It had to be said, Susanne thought, there was something uplifting about a ceilidh.
It seemed like the whole of White Rock was crammed into the Anzac Hall that night, and Susanne was pleased, for her mum’s sake more than anything else. Even her dad appeared to be enjoying himself.
“Cooee!” Avril called out, her face flushed with exertion.
Susanne waved to her and Spike. They were making an expert job of the Gay Gordons, and directly behind them Kym and Lee were doing their best to keep up.
“Can I get you something cold to drink?” a voice said from behind her.
She recognised it immediately and turned to find Walker standing next to her.
“Do I look hot?”
“No. You look beautiful.” He held her gaze with an engaging smile.
It was a long time since anyone had flattered her and she wasn’t quite sure how to respond. Then, noticing his tartan trousers, crisp white shirt and well-polished black shoes, she said, “You’re not looking too shabby yourself.”
“To tell you the truth, I was going to wear something casual, but Mum forced me to dress up!”
“You’re moving to London, I hear,” Susanne said.
“That’s right,” he replied. “I need a change.” An expression of sadness crossed his face as if there was something he wanted to forget. He lowered his voice. “I was sorry to hear about you and Mark. Jess is a great kid, though. Mum says the two of you have settled in nicely.”
“Oh, yes, we have. But it’s not for ever. I’m hoping to buy a place of my own eventually. I don’t want to move too far from here, because Jess and Denny are mates and they like to be able to cycle between the farms.”
“She reminds me of you at that age,” Walker said.
“You think she’s a tomboy?”
“It’s not that. It’s her sweet nature and enthusiasm for life. And she laughs a lot.”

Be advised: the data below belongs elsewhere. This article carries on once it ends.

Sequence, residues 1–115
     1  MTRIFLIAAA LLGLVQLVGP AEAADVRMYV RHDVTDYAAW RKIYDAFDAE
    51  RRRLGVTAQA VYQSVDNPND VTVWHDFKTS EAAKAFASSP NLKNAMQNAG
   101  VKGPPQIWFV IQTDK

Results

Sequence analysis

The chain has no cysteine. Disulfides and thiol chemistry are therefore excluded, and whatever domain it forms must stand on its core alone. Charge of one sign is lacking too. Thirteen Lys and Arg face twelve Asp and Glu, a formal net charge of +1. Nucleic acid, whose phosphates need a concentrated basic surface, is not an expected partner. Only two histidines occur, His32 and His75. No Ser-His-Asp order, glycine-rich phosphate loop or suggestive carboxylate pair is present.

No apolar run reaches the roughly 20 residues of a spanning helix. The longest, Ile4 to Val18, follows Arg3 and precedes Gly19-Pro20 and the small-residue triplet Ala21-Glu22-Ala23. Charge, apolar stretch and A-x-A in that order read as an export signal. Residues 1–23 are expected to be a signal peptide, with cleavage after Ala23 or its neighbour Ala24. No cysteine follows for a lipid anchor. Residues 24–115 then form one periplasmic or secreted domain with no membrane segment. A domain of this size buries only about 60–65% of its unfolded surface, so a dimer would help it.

What a nice thing to say, she thought. The truth was, since returning to Emu Hill and revisiting her childhood haunts, places like Mooraburra and Eureka Creek, Walker had often found a way into her thoughts, and now here he was, as lovely as she remembered.
But he’s not here for long, she reminded herself quickly. Walker had left her behind in White Rock twice before. Once when he went off to university in Brisbane, then a second time when he took a job in Sydney. She’d always had a secret crush on him, but their friendship would never be more than that.
“You know,” he said, “I always thought you’d end up marrying a farming bloke and take over Emu Hill.”
“You never can tell how things are going to work out, can you?” he said, meeting her eyes.
Just then, Denny and Jess bounded up, full of excitement.
“We’ve got a plan,” Jess declared. “To save this place.”
“Let’s hear it,” Walker said calmly.
“We’re going to start a petition,” Jess explained. “Then we’ll put posters up all round town and encourage people to send their objections in to the Civic Council, then we’ll write an article about this place and we’ll send it to the ‘White Rock Post’.”
Walker turned to the girls.
“If you’re going to run this campaign, you’ll have to do it right, girls. You’ll have to give it all your energy for the entire summer holiday. It won’t be easy to get the Civic Council to reverse their decision. I reckon if you make a good go of it, you’ll attract a lot of support.”
“So you’ll help us, Uncle Walker?” Denny asked hopefully.
“I will,” he said. “As long as you’re serious. You’ll need to be clear about why you think this old place should be saved.”
Jess and Denny glanced at each other. To Susanne’s surprise, it was Jess who spoke.
“They can’t knock it down. It’s got a special place in everyone’s heart.”